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What’s a social being meant to do in isolation?

IMAGES BY JORDAN DRYSDALE
WORDS BY HANNAH COLE

Tips for all you social butterflies out there.

Initially, the idea of a little isolation sounded somewhat appealing – finally, the permission I need to switch off. My brain waves frazzled back and forth with plans. I would read all the books amassing next to my bed. I would learn to make gnocchi. I would start crafting sourdough and become a patient baker (along with the rest of the isolated world it would seem). I would rediscover myself and invent a decadent future for myself. 

But as social distancing has become a policed way of life – where the rules are confusing and often stressful – the sheen has started to dissipate. I’ve always relied on my weekly happy hours and adventures with friends to whet my social appetite. Now it has sunk in that I can no longer indulge with my friends in these ways. There is no such thing as an after-work drink or weekend brunch in the time of corona.  

Everything has slowed down, and with it, the way we communicate has drastically changed. It would be out of character for me to pick up the phone for a quick chat just *because*. It’s taking all the effort I can muster up to plan a few FaceTimes; I’ve been phone-averse my whole life.  

But in this new era, I have no choice, and my social needs require at least some form of interaction. With endless Zoom sessions out of the question, I’ve dedicated my silent hours to scheming grand new ways to communicate with loved ones. Here’s a snippet for you – try one, or try them all. 

Host a baking party

If you can get your mittens on flour, you are one of the lucky few. It seems the Australian public has set some big MasterChef goals over the next few months, so shortages have ensued.

Nonetheless, let’s work with what you have in your pantry (or your mum’s, or neighbour’s). Find your recipe – I recommend Googling recipes that help use up some of the lonely fruits or shelf staples you have lying around and going from there.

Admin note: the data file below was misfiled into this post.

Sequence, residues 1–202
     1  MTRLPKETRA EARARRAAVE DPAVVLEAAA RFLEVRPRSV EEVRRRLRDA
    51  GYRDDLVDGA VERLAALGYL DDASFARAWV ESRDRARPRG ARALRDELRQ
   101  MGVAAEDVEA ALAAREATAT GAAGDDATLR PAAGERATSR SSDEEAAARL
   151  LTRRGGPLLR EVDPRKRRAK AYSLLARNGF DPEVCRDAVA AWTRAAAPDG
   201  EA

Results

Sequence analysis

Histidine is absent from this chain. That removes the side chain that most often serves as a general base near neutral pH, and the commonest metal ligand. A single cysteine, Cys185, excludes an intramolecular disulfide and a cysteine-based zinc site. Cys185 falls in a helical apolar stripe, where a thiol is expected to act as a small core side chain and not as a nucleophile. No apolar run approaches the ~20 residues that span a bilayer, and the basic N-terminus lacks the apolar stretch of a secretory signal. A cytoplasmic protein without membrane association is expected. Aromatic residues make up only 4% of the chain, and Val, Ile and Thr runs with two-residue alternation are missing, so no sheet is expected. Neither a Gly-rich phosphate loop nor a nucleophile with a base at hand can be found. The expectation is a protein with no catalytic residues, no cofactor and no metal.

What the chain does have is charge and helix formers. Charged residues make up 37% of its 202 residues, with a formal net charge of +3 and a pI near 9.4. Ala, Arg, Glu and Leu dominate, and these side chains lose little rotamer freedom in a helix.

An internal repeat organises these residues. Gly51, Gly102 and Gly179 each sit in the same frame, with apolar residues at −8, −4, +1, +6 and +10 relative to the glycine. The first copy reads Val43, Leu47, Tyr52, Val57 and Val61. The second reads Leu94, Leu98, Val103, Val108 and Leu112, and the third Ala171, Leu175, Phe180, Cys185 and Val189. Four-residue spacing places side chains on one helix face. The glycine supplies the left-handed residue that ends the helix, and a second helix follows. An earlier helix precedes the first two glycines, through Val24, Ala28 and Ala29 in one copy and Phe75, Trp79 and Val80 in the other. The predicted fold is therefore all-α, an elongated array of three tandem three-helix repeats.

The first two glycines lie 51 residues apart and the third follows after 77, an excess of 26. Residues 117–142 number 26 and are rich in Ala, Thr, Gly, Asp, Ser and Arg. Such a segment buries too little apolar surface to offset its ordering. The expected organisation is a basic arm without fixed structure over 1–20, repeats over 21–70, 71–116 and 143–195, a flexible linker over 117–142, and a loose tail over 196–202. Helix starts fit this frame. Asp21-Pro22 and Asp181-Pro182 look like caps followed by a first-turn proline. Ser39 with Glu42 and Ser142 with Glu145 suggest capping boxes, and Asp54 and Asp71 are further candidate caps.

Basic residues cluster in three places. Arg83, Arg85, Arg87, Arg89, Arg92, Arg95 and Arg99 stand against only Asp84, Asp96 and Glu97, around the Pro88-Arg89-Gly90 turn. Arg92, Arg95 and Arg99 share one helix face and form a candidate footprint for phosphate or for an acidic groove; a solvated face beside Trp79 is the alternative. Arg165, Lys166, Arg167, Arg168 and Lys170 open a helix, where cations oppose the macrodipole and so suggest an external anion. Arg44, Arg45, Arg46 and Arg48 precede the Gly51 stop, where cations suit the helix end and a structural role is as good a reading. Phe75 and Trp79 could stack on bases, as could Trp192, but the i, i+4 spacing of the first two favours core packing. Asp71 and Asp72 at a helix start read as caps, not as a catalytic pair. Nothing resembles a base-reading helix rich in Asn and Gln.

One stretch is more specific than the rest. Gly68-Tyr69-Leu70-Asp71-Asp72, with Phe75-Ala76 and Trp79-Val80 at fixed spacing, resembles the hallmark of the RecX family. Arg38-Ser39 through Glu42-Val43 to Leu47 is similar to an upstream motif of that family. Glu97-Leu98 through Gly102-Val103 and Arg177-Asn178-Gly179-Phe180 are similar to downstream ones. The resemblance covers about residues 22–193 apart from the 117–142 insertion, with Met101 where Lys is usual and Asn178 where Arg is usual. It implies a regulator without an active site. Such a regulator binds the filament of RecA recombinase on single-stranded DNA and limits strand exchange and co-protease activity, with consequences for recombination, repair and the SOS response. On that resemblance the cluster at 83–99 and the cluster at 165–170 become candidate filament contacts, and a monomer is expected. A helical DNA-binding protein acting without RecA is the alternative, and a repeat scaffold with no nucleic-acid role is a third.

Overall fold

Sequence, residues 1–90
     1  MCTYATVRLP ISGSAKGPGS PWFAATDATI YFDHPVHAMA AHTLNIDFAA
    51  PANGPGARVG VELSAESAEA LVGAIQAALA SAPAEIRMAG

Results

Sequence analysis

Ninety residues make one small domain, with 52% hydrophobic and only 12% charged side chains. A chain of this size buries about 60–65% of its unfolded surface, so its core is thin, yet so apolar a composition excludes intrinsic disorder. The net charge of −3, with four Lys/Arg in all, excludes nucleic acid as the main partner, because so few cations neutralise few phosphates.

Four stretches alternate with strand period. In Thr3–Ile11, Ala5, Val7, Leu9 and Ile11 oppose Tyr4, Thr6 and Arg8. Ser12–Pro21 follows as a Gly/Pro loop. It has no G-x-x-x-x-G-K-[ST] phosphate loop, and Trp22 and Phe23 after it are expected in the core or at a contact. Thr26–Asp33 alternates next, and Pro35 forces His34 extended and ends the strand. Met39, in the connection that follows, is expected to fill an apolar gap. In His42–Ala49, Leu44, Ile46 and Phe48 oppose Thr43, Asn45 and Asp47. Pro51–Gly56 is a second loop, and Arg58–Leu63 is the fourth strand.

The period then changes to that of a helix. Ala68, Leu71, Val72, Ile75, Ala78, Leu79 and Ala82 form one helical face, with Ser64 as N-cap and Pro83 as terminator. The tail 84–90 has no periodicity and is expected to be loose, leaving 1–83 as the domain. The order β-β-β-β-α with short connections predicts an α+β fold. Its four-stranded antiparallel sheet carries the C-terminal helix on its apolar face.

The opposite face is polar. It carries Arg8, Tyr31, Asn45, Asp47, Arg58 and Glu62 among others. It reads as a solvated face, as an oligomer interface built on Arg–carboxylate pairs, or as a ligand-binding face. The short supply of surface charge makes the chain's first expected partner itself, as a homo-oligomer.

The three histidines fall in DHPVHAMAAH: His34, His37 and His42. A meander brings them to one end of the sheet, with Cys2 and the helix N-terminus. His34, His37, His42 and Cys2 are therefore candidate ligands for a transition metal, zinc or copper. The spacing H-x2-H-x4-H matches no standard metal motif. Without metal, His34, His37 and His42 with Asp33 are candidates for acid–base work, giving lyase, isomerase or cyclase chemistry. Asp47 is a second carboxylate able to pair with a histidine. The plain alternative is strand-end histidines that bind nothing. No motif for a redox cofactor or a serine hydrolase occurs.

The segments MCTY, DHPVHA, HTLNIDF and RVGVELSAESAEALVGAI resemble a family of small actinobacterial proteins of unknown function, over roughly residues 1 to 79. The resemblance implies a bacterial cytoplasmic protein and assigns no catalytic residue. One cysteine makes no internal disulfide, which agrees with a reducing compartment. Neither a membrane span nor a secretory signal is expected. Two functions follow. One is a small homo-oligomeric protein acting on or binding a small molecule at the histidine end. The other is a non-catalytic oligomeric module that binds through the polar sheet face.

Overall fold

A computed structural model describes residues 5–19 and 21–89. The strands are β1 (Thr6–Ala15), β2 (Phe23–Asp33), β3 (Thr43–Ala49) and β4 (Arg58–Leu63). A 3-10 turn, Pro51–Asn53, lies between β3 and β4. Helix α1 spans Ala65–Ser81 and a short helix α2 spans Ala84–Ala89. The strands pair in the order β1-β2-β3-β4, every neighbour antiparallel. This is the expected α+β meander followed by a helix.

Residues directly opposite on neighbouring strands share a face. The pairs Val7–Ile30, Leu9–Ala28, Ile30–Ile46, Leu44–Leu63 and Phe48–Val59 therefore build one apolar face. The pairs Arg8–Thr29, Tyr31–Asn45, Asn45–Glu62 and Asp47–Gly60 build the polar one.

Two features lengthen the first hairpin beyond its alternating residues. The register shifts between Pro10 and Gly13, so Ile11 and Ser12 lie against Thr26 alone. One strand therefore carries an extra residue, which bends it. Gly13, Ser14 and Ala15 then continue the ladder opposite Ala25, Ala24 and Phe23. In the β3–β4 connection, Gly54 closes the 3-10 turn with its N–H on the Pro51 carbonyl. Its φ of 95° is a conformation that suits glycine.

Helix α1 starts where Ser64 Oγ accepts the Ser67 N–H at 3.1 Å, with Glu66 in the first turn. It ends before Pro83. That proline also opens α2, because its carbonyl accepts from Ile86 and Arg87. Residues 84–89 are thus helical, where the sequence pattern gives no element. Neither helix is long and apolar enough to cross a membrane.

Next step: dial in a friend. Cook up the same recipe if you’re keen for some good old-fashioned virtual competition (who will have the winning cake?) or opt for something different to serve as inspiration for the next bake-a-thon. Get chatting and start baking. Practice your TV personality skills and recreate your favourite home cooking show, or stir and giggle away. Not only will you receive an instant hit of endorphins, but you’ll also end up with a warm, freshly-baked snack for later, too. 

Take a class

Everyone keeps talking about upskilling and using this time “productively”. If you don’t have the energy, don’t force it, but if you’re looking for a way to unleash creative energy, check out some offerings from your favourite art schools and venues. Now we can take (often intimidating) courses from the comfort of our home, without the embarrassment of beginner’s efforts. 

Seduce your friends and register together for an evening of creativity. Redfern’s 107 has taken its card and poster making courses online; Melbourne Art Class is offering drawing courses via Zoom (for kids and adults).

The NGV is offering drawing classes online, and the Australian Ballet is hosting virtual ballet workouts, and both are completely free. Clay Sydney is bringing classes to your kitchen table (offered Australia-wide), or just plug into a few Bob Ross clips together and get arty for no cost at all. If art isn’t your thing, keep an eye on DRNKS – they’ve been running wine tastings online. Nothing has ever sounded so good.

Game up

We could always bring back the days of Words With Friends, but I fear that time has passed. Instead, hit up Playingcards.io and lock in a virtual games night. 

Hook up a FaceTime/Zoom call on a laptop at each end and set up a games room on your own phones. Choose from Remote Insensitivity (i.e. Cards Against Humanity), Go Fish, Checkers, or make your own with the custom board. Fashion the cheeseboard and pour the wine and tuck into an evening of laughs (even if it is experienced through a screen).

Start writing

Retrieving the mail could soon become the highlight of your pals’ day. We’re taking things offline and bringing back ye olde pen pal. There’s nothing more heart-warming than a love note or two in your personalised scribbly script.  

Share a few postcards you have lying around, or pop in some excerpts from your burgeoning art career. Press some flowers and share a recipe card – anything to show you care and you’re there, whether in-person or not. These are the notes we will be kept in treasure boxes and read for years to come. The mark of pure, unbridled friendship in the midst of a pandemic. 

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